Probability theory to tell us what to expect from
The probability (P) that an event will occur is the
number of favorable cases (a) divided by the total
number of possible cases (n):
P = a/n
the probability of any one of the faces of Die
being up (e.g., a four) is one-sixth
P = a/n = 1/6
the probability of drawing the seven of
clubs from a deck of cards is
probability of drawing a spade from a deck
P= 13/52 =1/4
The probability (assuming a 1:1 sex
ratio,) of having a daughter in any given
P = 1/2
• The basic principle of probability can be stated as follows:If one event has
c possible outcomes and a second event has d possible outcomes, then
there are cd possible outcomes of the two events.
Mutually exclusive events are events in which the occurrence of one
possibility excludes the occurrence of the other possibilities.
Independent events, however, are events whose outcomes do not
influence one another.
unordered events are events whose probability of outcome does not
depend on the order in which the events occur
1. Sum Rule
When events are mutually exclusive, the sum rule is used: The probability
that one of several mutually exclusive events will occur is the sum of the
probabilities of the individual events. This is also known as the either-or
rule. For example, what is the probability, when we throw a die, of its
showing either a four or a six? According to the sum rule,
P =1/6 + 1/6 = 2/6 = 1/3
2. Product Rule
When the occurrence of one event is independent of the occurrence of other
events, the product rule is used: The probability that two independent
events will both occur is the product of their separate probabilities. This
is known as the and rule. For example, the probability of throwing a die
two times and getting a four and then a six, in that order, is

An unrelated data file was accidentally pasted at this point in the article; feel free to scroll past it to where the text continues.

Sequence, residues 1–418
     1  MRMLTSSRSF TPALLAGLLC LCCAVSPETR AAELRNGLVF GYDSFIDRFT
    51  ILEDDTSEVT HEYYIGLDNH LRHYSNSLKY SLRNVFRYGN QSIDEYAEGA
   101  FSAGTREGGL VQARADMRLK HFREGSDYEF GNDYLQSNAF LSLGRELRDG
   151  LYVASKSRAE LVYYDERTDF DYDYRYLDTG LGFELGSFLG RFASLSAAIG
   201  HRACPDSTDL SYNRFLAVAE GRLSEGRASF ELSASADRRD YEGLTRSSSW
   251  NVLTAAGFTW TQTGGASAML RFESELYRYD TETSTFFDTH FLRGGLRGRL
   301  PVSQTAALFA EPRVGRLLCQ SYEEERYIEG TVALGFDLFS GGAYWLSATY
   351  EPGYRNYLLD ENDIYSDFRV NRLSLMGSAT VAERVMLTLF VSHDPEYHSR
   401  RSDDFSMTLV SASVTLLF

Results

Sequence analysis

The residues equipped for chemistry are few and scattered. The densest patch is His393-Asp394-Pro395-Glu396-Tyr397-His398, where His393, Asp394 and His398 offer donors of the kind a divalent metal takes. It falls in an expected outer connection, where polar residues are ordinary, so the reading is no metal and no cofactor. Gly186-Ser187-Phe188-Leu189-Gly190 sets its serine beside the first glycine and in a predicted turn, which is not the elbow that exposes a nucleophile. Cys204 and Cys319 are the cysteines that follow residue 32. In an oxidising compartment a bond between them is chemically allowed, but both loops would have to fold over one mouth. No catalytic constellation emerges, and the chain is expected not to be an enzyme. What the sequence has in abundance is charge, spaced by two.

P = 1/6 x 1/6 = 1/36
3. Binomial Theorem
The binomial theorem is used for unordered events:
The probability that some arrangement will occur in which the final order is
not specified is defined by the binomial theorem. For example, what is the
probability when tossing two pennies simultaneously of getting a head and a
For each penny, the probability of getting a head (H) or a tail (T) is for
H: P =1/2 for T: P = 1/2
Tossing the pennies one at a time, it is possible to get a head and a tail in two
first head, then tail (HT) or first tail, then head (TH)
Within a sequence (HT or TH), the probabilities apply to independent events.
Thus, the probability for any one of the two sequences involves the
product rule (rule 2):
1/2 X ½ = 1/4 for HT or TH
The two sequences (HT or TH) are mutually exclusive. Thus, the probability of
getting either of the two sequences involves the sum rule (rule 1):
1/4 + 1/4 = 1/2
Thus, for unordered events, we can obtain the probability by combining rules
1 and 2. The binomial theorem (rule 3) provides the shorthand method.
If the probability of an event (X) is p and an alternative (Y) is q, then the
probability in n trials that event X will occur s times and Y will occur t
times is In this equation, s + t = n, and p + q = 1. The symbol !,as in n!, is
called factorial, as in “n factorial,” and is the product of all integers from
n down to one.
P = n! psqt
s ! t !
What is the probability that a family with six children will have
five girls and one boy?
P= 6 ! ½ 5 1/21 = 3/32
5 ! 1 !